GUI Mockups with Pencil

I came across a nice little free tool for building quick GUI Mockups: Pencil. It certainly has anything you might need for getting a flat prototype done—which is what I am using it for—but you can also go crazy and link multiple pages, export to multiple HTML pages, etc.
The only feature I am missing so far is selecting all elements in an area with the mouse, but overall things work out better for me with Pencil than with Viso or alike.

IIS Timeout on JBoss Transaction

Working more with our setup we started encountering “502 – Bad Gateways” errors when allowing users to run expensive queries on our database and give them the option to export the results. A temporary solution was to increase the ARR timeout as described in this blog post; the server farm settings are relevant for this case.

However, this still leaves us with the problem of some browser timing out on lengthy requests, so that we are now looking into an AJAX solution for decoupling the JBoss transaction from the front-end.

MS SQL Reserved Keywords and Hibernate

Surprise of the day, it turns out that User is a reserved keyword in T-SQL. You are still allowed to use keywords as identifiers, but you will need to escape them with square brackets:

[code lang=”latex”]
CREATE TABLE [User] (Id int);

So far, so inconvenient. But things start getting really pretty when you clicked your schema together with SQL Server Management Studio, which will hide the keyword restrictions from you. Unfortunately Hibernate is not equally generous, so if you go from there and use your generated Hibernate mapping, you will be presented with a beautiful exception:

[code lang=”java”]
org.hibernate.exception.SQLGrammarException: Incorrect syntax near the keyword ‘user’.

The solution for my case was to escape the table name in the related User.hbm.xml to table=”[user]”. Mildly annoying caveat: now the file has to be edited manually each time you generate your mappings, since there is no option to wire this type of adjustment into the reveng.xml.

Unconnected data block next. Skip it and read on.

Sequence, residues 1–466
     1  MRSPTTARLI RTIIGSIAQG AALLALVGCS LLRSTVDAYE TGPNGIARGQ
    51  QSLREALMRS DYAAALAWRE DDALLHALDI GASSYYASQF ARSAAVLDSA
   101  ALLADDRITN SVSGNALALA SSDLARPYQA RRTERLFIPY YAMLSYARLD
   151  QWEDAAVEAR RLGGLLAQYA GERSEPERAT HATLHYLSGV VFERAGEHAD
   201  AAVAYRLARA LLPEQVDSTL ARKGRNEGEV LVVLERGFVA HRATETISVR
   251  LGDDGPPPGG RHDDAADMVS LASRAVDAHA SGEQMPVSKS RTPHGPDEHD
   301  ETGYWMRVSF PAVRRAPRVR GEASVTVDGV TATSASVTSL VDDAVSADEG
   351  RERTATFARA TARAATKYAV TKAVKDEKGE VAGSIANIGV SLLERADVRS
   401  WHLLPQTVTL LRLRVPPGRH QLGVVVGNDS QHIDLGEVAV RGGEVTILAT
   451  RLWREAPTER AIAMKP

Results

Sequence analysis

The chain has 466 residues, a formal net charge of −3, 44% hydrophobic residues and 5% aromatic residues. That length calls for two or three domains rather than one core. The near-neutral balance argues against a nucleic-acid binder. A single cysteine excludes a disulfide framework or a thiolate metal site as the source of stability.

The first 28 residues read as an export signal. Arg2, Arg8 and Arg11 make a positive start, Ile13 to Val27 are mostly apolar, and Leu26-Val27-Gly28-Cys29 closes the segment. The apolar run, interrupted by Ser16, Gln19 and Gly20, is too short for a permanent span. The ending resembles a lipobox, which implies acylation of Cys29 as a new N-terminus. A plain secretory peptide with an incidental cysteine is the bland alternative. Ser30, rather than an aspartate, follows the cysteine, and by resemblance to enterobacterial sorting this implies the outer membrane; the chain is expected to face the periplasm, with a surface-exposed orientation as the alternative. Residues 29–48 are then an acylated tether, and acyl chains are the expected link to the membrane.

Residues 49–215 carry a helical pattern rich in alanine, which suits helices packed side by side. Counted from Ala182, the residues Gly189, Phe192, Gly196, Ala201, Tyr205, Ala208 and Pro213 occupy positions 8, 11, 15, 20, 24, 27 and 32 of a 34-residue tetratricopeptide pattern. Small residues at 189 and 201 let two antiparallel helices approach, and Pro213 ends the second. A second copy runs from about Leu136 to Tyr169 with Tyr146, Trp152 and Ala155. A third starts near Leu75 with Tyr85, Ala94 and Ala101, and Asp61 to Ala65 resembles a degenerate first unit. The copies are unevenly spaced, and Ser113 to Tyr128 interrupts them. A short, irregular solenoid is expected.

JBoss and IIS 7

I have spent some quality time today with moving a web application from a temporary development environment (Windows 2003 x86, IIS 6) to a production server (Windows 2008 R2 x64, IIS 7). The IIS-JBoss integration on the development servers has been set up based on mod_jk and worked without causing and troubles. However, reproducing the setup in the new environment was failing miserably. The first impression I am getting from IIS is that even logging is a science for itself, so it was even hard to determine why.

Luckily a forum post finally pointed me in the direction of Application Request Routing (ARR) module for IIS 7 as an alternative solution. Performance might be still a subject to be determined, but the installation and configuration is worlds cleaner compared to the mod_jk version.

Ignoring Input to a Text Field with jQuery

The other day I was trying to use an input field for display only: the user would select couple of elements from an overlay box and, once their selection was completed, be presented with a generated output in the input field. This should be for overview purposes only and the user should not be able to type manually into the field; a scenario much like the one covered by the jQuery Datepicker. My first reflex of setting the fields disabled attribute unfortunately did not work well since inputs with disabled=”disabled” will not only drop the onClick event but, even worse, be ignored for the submission of the surrounding form. However, it turns out that there is a jQuery one-liner for the problem:

[code lang=”javascript”]

This will essentially ignore any key events on the month_range input field. Be aware though that it will as always just protect the user a bit from themselves and not in any way relieve you from validating the input (just try to c&p something into the field…).

Google Health Retires

Google just announced the forthcoming end of their personally controlled health care record Google Health due to lack of widespread adoption. We have been working with the service since its launch in 2008 and used it as a back-end for various projects (most recently for a medication reconciliation tool tied to the SMART platform). Google Health was offering a very decent user interface, a fair amount of API support and some really good interfacing ideas; I hate to see this one go.

[UPDATE] You might deduct how important the project was in the end from the fact that it was not even worth a shutdown announcement for itself.